"In The Studio With:..." is a weekly feature that takes us into the private creative spaces of emerging artists to discuss their work and career.

Roman Kalinovski is a gifted young artist working in Brooklyn. He has adopted both a traditional painting practice loosely based in classical techniques reminiscent of Johannes Vermeer, and a digital media practice informed by video gaming and Japanese pop.

His subjects are frequently derived from erotic media and Asian culture, but he manages to view them through a traditional western art-historical lens, giving both the digital and traditional work a new resonance.

Anthony Philip Fine Art: So you are a painter, but you are also very involved in digital art. What about each appeals to you, and how do the two practices inform each other?

Roman Kalinovski: I think that both processes represent ways of seeing that are existentially tied to their unique materialities: pigments and binders for one, electronic impulses for the other. Each has its own freedoms and affordances as well as certain constraints: a bad brushstroke may ruin a painting visually, but it won’t “crash” it like an illegal instruction or a null pointer would crash a computer program. At an experiential level, I think that painting tends to be better at generating bodily reactions on the level of one person relating to another. Digital work, however, tends to excel at a kind of impersonal affect that moves the user without going through the body. In my own work, I’ve been attempting to invert this formula. I want my paintings to be affecting without necessarily being relatable on a bodily level, and I want my digital work to have a kind of corporeality and personality that defies the phantasmic disembodiment of the virtual. I don’t discount the body completely, but my personal interests lie closer to the theatrical body in the midst of a performance. If all you want is a body, that’s easy enough to get, just go to a figure drawing class and paint the same conventional poses that have been used since the Renaissance. The question, for me, is: what do you do with the body? That’s where the theater begins.

APFA: One long term project you have been working on is "Miku Forever." Please tell us about what drew you to this project and kind of explain what it is about.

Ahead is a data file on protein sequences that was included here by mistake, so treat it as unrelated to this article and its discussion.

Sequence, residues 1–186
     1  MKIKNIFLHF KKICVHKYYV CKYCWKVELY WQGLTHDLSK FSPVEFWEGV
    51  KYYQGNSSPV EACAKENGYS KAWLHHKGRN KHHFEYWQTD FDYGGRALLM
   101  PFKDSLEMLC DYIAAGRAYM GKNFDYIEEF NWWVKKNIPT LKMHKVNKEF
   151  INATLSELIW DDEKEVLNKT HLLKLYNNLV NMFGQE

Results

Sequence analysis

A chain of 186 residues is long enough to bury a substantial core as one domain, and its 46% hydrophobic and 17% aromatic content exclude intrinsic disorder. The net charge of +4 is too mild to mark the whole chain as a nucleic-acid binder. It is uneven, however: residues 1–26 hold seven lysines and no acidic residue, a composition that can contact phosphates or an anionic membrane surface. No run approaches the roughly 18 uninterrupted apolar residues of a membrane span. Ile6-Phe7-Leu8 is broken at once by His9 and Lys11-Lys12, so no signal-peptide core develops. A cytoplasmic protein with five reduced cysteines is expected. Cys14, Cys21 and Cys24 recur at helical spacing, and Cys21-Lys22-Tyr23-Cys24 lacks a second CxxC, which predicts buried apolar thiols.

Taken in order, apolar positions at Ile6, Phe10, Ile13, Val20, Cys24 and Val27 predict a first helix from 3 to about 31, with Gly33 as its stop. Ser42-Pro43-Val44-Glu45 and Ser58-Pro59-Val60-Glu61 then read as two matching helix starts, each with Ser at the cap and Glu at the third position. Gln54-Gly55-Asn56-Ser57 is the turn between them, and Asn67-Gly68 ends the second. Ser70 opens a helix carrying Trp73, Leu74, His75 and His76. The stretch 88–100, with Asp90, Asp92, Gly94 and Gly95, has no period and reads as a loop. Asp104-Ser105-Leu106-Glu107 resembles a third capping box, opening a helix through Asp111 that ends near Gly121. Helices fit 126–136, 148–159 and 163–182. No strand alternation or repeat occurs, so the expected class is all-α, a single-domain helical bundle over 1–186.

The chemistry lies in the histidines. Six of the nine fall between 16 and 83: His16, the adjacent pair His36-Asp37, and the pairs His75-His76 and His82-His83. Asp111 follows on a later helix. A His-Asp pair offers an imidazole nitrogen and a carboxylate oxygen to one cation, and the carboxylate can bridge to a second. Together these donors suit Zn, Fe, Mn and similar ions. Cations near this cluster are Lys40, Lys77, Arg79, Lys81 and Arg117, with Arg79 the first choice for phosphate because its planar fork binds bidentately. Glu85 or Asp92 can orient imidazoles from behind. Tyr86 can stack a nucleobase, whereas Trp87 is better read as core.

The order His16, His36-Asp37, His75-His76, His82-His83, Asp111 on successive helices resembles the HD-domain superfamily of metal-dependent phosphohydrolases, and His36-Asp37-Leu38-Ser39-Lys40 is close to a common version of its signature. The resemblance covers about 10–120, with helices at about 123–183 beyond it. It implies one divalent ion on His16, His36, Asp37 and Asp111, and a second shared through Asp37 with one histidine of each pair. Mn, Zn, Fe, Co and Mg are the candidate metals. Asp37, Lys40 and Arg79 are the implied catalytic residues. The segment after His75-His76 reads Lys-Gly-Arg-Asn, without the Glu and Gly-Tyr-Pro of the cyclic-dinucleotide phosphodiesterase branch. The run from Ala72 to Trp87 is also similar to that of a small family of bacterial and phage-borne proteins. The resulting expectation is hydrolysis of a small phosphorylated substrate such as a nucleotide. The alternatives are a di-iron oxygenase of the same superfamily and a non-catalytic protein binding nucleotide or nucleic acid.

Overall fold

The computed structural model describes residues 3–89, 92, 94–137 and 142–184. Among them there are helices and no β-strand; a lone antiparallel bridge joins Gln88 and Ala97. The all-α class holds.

RK: When I was at graduate school at Pratt, I needed to de-stress a bit, so I went to a Japanese bookstore in Midtown to buy some CDs. When I was paying at the counter paying I saw a flyer for a Hatsune Miku concert at the Hammerstein Ballroom. I already knew a bit about Miku and Vocaloid technology in general: she is a virtual pop idol whose voice is generated by a text-to-song computer program. In her “live” shows a 3D rendering of her is projected onto the stage like a hologram where she sings and dances alongside a live band. Anyway, I bought a ticket and went to the show, and during the grand finale I had a moving experience and started to cry. I was moved to tears by a non-human synthesized voice generated by a computer program: I was captivated by the absurdity of this and felt compelled to pursue it further. I bought a license to use Miku’s voice and started a “collaboration” with her. Like any good addict, I wanted to recreate that initial, unrepeatable high. With support from the composer Christopher Palmer, the residency program at Babycastles, and feedback from my colleagues at the Electronic Literature Organization, I made Miku Forever, an endlessly recombinatory pop song perpetually performed by Miku. The song rewrites itself every two minutes, mutating its parameters and slowly transforming into something different. As in her “official” live performances, Miku sings and dances across the screen, performing her endless song without any sense of exhaustion. I designed the program to work on several different platforms: it can be streamed over the web to any number of simultaneous viewers, or projected into a space or onto a stage for a single site-specific performance. The odds of the same song being generated twice are somewhere in the order of a trillion trillion to one: somewhere in that cloud of probability must be a song that is as moving as the one I heard at the concert, although I have yet to come across it myself.

APFA: Another project, "Minori Aoi" paintings are traditional oil paintings, that have an almost Vermeer-like quality about their lighting and texture. How did this series come about?